The International Court of Justice’s decision ordering Pakistan not to execute Khulbhushan Jadhav, a former Indian Navy officer who had been sentenced to death for espionage by a Pakistani military court, does not just come as a relief for the Jadhav’s family. It is also a vindication of the Indian government’s unusual step in taking the matter to an international forum.
New Delhi tends to keep away from the international stage when it comes to dealing with Pakistan. This is borne out of the belief that any attempt to internationalise the India-Pakistan dispute will build a false equivalence between the two countries, and allow Islamabad to draw strength by grandstanding as well appealing to powerful allies, like China, who would be equally happy to check India’s influence.
As a result, India almost always insists that matters between it and Pakistan are bilateral issues that will be dealt with directly, without the intervention of third parties. Under no circumstances does India want matters such as Kashmir to be the subject of international peace-making efforts, in the manner of the Palestine dispute.
This approach is important for one other reason: Staying away from international scrutiny saves India from having to answer embarrassing questions about its own internal record in places such as Kashmir or the North East. It also follows the simple foreign policy logic that the larger, more powerful neighbour will be able to get a better deal if no other party is at the table.
When Pakistan announced that it had caught Jadhav and released an evidently manipulated video that it claimed was a confession, India immediate denied the allegations and demanded consular access. Over the months that followed, New Delhi continued to ask for consular access to Jadhav, who was languishing in Pakistani jails, without any response. But India did not, at this point, make any suggestion that it would take the case to an international forum.
Even after Pakistan announced that it had sentenced Jadhav to death for espionage, after a secret military trial, India’s first response was to summon Pakistan’s High Commissioner and declare that the trial was farcical. Even then it was not evident that India would take the case to the International Court of Justice.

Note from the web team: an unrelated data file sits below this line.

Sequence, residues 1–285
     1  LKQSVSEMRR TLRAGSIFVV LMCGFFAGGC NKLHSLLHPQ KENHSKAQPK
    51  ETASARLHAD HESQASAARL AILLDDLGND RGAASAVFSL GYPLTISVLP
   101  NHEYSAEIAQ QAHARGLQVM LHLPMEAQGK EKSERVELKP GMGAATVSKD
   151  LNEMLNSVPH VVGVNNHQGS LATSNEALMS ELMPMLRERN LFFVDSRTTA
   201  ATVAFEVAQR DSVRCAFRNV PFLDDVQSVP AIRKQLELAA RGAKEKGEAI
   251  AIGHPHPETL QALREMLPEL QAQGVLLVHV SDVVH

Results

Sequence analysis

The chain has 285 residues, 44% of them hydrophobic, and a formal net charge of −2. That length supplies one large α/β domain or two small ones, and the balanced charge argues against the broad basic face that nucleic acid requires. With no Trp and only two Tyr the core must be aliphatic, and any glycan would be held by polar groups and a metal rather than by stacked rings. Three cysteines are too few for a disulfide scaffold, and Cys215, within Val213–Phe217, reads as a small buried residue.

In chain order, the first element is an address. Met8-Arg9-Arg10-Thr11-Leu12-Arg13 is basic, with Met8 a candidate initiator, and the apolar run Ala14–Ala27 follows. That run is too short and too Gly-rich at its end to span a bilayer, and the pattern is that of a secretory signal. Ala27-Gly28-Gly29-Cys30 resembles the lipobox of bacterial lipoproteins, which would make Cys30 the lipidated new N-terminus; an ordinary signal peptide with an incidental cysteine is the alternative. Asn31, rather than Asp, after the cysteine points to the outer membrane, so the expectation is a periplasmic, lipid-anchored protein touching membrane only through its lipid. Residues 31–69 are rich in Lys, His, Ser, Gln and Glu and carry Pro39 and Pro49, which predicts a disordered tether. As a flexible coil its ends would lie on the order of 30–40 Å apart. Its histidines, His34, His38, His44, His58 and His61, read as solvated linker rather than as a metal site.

This is especially relevant because of India’s history at the court. The last time India had itself applied to the ICJ to intervene in a case involving Pakistan, in 1971, the court dismissed New Delhi’s claims. Since then, Pakistan has attempted to take matters to the ICJ on two occasions, but in both cases no hearing actually took place.
The difference in this case appears to be the Vienna Convention for Consular Relations’ Optional Protocol, one of those rare international treaties that both India and Pakistan are party to. The Protocol says the ICJ would have jurisdiction over disputes concerning consular relations, unless the countries have agreed to another forum to resolve disagreements. Pakistan claimed that India did indeed come to an agreement in 2008, under which the countries decided that, in cases related to national security, questions of consular access would be decided on a case by case basis internally.
The Court however decided that there were three reasons this 2008 agreement did not prevent it from having jurisdiction in the case:
- The 2008 agreement had not been registered as a treaty in the United Nations secretariat, and so could not be invoked.
- The Vienna Convention does not prevent countries from signing treaties that amplify the safeguards in the convention, but
- It does prevent countries from diluting its safeguards through subsequent treaties.
India’s constant requests for consular access to Jadhav also plaed a part in the court’s decision-making. To be convinced that it has jurisdiction in a case like this, the ICJ has to establish that there is a genuine dispute regarding consular access and that this is within the scope of the treaty that applies here.
The order, according to the ICJ press release, relied on the 16 Notes Verbales that India sent to Pakistan demanding consular access to establish proof of the dispute. The fact that Pakistan had labelled Jadhav an Indian citizen, and yet admitted that he could still follow the local legal provisions, such as appealing to higher courts within Pakistan or asking for clemency, further convinced the court that India had rights to demand consular access.
India’s case was additionally aided by the sentence Pakistan gave to Jadhav. Although technically India might have been able to make the same case for consular access even if Pakistan’s military court had not sentenced Jadhav to death, the ICJ may not have treated the case with the same urgency. The ICJ felt empowered enough to give orders to Pakistan in part because Islamabad refused to give assurances that it would not hang him while the case was still ongoing. Now Pakistan has been clearly told that it must ensure his safety until the ICJ concludes its hearing in the matter.
It is important to remember that this is only a preliminary decision, and that too primarily on the question of jurisdiction. The court has concluded that it has prima facie jurisdiction on the case. It will now hear complete arguments as to whether Pakistan was guilty of denying Jadhav has consular rights, and Islamabad has insisted that its case has not changed in any manner, and asked for the hearing to take place as soon as possible.
Yet even if it is just the first step, the chances of an Indian victory on the international stage was by no means a given, especially given India’s past record at this court. Thursday’s decision vindicates New Delhi’s bold choice to take what would have otherwise been a bilateral disagreement to an international forum.